To achieve this I will accelerate the liberalization of trade. At the same time, I will advance the revitalization of agriculture in which young people are able to participate. These two undertakings must be carried out. I intend to make the year 2011 the base year from which we launch such an opening up of Japan, not focusing solely on people, goods, and capital, but rather on the Japanese people as a whole turning internationally, as occurred in the Meiji Restoration and in the postwar era. In order to move forward with this opening up of Japan, what will be critical above all is the minimization of factors leading to human suffering, including poverty and unemployment. Insecurity about the future of the social security system is spreading. In last year's House of Councillors election campaign, I was unable to gain sufficient understanding among the public regarding the consumption tax, as I had touched upon it somewhat abruptly, but it is readily apparent to all that it is now necessary to discuss the state of social security and the fiscal resources necessary for it, as well as the reform of the tax system, including that of the consumption tax. Fortunately, the Liberal Democratic Party and The New Komeito Party have both indicated their willingness to do so. I believe that now is the time for us to take up these issues. I intend to initiate discussions that transcend party lines, including discussions on the issue of fiscal resources, in order to consolidate a solidly-established system of social security. I urge participation by members of the opposition parties as well.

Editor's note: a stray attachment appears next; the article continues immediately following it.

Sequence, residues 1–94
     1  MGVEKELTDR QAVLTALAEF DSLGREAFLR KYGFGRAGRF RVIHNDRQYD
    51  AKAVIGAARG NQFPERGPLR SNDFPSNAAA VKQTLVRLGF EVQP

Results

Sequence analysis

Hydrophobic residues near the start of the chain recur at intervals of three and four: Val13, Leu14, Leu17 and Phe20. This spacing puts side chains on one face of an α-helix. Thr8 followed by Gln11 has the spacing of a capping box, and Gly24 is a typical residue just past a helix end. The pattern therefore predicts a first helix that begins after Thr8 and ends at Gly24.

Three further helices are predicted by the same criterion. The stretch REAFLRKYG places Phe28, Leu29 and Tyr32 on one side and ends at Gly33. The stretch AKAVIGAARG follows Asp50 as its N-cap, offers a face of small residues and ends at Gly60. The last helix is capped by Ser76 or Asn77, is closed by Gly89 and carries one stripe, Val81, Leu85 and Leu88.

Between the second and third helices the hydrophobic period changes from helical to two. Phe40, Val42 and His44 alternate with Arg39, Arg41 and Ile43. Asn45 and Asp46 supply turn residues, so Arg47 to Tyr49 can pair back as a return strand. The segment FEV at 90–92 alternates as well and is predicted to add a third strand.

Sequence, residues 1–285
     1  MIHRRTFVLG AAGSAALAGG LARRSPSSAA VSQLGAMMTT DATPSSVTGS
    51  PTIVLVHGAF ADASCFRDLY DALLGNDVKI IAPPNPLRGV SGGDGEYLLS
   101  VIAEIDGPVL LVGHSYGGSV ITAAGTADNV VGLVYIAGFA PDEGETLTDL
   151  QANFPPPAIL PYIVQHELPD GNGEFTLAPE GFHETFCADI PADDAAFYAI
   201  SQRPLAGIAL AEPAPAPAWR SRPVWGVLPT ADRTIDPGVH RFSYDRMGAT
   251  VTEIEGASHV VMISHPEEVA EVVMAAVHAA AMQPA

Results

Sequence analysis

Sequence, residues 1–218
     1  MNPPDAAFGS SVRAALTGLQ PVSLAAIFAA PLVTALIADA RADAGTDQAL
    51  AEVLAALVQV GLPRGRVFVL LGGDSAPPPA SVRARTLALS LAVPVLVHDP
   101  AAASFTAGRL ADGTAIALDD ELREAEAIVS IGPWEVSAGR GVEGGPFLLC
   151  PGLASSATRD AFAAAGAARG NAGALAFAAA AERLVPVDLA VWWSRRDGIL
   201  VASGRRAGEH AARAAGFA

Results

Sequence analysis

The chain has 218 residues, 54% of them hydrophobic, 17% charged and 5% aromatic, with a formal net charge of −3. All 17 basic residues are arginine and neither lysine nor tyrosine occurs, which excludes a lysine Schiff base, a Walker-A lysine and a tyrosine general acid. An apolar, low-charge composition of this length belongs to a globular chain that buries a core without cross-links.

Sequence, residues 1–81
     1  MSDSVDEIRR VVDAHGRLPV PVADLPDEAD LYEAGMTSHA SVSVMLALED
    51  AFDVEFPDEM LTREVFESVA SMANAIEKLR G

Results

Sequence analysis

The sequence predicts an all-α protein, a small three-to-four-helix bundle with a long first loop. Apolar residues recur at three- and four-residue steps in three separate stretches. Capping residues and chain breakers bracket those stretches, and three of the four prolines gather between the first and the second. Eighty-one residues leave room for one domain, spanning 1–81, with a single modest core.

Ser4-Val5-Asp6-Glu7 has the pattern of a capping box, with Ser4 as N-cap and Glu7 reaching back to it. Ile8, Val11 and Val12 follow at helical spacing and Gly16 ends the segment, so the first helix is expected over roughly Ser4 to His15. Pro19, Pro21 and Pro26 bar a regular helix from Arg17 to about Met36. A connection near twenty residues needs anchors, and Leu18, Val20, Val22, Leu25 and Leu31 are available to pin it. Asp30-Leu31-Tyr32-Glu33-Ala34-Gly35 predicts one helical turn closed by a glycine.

In the area of security issues in Asia and the Pacific, our actions must take into account the security and stability of this region as a whole, rather than benefit only Japan. I will press forward with the reinforcement of the Japan-U.S. alliance from the perspective that this reinforcement is necessary precisely to ensure stability in just such an Asia-Pacific region.